Jacob’s sons, Dinah’s brothers, were outraged at the defilement and dishonoring of their sister. But Hamor spoke with Jacob, asking that through a marriage of their son and daughter, their two people groups could come into covenantal relationship.
The sons of Jacob dealt treacherously to Hamor, telling him that they would agree to his proposal on the condition that all the males be circumcised, since this was the sign of the covenant.
Hamor and Shechem, in good faith, agreed, and all the males were circumcised. On the third day, when they were immobilized with pain, Simeon and Levi killed every man because Shechem had defiled their sister. They even took all the spoil—their flocks, riches, wives, and little ones.
Simeon and Levi took revenge for a terrible crime committed against their sister, even though the entire city tried to make amends.
Rage can cause people to do terrible things. And sometimes when we act in rage, we might do the right thing for the wrong reason. A bad temper is a character weakness that needs to be overcome if we are ever to be the people of God He desires us to be. The word of God tells us that the anger of man does not produce the righteousness of God, and that anger rests in the bosom of fools.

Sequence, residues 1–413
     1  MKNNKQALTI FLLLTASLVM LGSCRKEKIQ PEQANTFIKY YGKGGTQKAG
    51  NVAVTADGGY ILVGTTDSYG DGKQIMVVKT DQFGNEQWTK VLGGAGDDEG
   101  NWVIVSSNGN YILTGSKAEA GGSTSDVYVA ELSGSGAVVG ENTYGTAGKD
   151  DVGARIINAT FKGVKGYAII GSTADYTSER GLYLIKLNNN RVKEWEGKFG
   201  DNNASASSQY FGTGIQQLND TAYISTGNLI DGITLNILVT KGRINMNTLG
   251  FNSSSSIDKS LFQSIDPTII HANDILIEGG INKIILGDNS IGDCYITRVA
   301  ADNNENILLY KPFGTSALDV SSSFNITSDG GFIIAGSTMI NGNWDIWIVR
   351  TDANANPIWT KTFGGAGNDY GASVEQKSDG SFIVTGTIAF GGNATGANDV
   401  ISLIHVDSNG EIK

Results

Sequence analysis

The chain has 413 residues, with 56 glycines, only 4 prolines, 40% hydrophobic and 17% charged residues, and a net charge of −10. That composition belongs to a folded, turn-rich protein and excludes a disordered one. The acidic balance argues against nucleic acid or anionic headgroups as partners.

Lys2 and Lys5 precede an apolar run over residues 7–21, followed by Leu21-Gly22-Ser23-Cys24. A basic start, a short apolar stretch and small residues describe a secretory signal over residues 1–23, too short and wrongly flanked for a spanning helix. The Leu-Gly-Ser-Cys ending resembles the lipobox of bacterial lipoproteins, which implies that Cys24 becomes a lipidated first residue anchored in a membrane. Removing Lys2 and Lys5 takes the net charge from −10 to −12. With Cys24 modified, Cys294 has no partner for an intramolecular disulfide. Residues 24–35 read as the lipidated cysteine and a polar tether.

It is natural to feel anger at times, but we must not allow anger to control us. The enemy wants to use our anger against us to cause much destruction.
In the way of Yeshua (Jesus), we are not to return evil for evil, but to overcome evil with good. Yes, we may become angry over injustice and the wrongs that people do against us or others, especially our loved ones, but this does not justify our sinning by committing ugly acts of vengeance. “Be angry and sin not.” (Ephesians 4:26)
Rage Is Cursed
Did Simeon and Levi act righteously? Not in their father’s eyes. Although Jacob did not deny that his daughter should have been avenged in some way, he did not forgive them for acting in rage to his dying day. Rather than blessing them on his deathbed, he cursed their anger and cruelty.